Northern Flicker in the Backyard
The northern flicker (Colaptes auratus) is a medium-sized member of the woodpecker family. It is native to most of North America, parts of Central America, Cuba, the Cayman Islands, and is one of the few woodpecker species that migrate. There are over 100 common names for the northern flicker. Among them are: yellowhammer (as it's known as the state bird of Alabama, not to be confused with the Eurasian yellowhammer), clape, gaffer woodpecker, harry-wicket, heigh-ho, wake-up, walk-up, wick-up, yarrup, and gawker bird. Many of these names are attempts at imitating some of its calls.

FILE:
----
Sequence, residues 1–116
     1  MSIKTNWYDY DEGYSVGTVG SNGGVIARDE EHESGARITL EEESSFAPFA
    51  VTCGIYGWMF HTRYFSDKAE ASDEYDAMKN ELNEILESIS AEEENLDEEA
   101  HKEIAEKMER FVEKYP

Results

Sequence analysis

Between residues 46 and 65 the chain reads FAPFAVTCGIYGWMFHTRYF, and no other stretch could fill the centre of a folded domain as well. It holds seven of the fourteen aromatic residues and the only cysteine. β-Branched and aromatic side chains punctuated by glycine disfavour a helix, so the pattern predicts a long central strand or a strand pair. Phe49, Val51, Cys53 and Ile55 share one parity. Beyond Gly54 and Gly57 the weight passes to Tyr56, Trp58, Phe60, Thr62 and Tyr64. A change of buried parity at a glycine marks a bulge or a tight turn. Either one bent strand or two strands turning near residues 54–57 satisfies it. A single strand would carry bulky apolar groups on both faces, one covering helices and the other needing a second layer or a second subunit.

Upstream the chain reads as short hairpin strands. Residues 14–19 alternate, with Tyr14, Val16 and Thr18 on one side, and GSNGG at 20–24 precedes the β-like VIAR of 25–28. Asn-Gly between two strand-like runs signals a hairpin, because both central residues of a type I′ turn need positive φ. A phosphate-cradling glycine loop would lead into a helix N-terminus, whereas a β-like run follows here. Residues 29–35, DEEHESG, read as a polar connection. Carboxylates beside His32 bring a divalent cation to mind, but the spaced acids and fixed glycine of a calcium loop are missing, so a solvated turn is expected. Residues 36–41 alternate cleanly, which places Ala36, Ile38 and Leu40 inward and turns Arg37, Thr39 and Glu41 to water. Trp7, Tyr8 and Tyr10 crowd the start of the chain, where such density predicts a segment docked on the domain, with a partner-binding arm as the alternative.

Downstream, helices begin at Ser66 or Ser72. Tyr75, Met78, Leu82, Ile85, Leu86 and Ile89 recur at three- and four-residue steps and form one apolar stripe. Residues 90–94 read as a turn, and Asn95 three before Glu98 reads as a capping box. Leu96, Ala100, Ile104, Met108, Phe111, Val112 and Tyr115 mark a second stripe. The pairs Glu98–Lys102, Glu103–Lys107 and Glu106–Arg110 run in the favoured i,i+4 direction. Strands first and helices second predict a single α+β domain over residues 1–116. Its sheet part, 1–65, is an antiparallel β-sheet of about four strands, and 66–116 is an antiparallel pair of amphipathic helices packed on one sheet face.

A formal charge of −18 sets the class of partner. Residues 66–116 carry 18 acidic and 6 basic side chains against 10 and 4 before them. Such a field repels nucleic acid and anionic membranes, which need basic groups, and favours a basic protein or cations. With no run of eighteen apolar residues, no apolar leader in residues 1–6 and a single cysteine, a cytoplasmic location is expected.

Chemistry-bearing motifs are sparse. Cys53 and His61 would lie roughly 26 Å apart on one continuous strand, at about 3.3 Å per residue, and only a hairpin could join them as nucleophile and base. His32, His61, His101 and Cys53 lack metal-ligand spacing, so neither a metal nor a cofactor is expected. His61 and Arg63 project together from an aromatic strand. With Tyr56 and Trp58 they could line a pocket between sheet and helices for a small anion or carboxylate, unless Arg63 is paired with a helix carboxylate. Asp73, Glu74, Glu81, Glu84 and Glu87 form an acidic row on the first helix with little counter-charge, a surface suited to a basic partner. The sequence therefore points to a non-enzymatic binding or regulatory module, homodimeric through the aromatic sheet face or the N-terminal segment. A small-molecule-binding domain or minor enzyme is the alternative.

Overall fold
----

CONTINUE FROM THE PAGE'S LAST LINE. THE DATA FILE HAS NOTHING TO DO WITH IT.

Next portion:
Flickers may be observed in open habitats near trees, including woodlands, edges, yards, and parks. In the western United States, one can find them in mountain forests all the way up to treeline. Northern flickers generally nest in holes in trees like other woodpeckers. Occasionally, they have been found nesting in old, earthen burrows vacated by belted kingfishers or bank swallows. Both sexes help with nest excavation.
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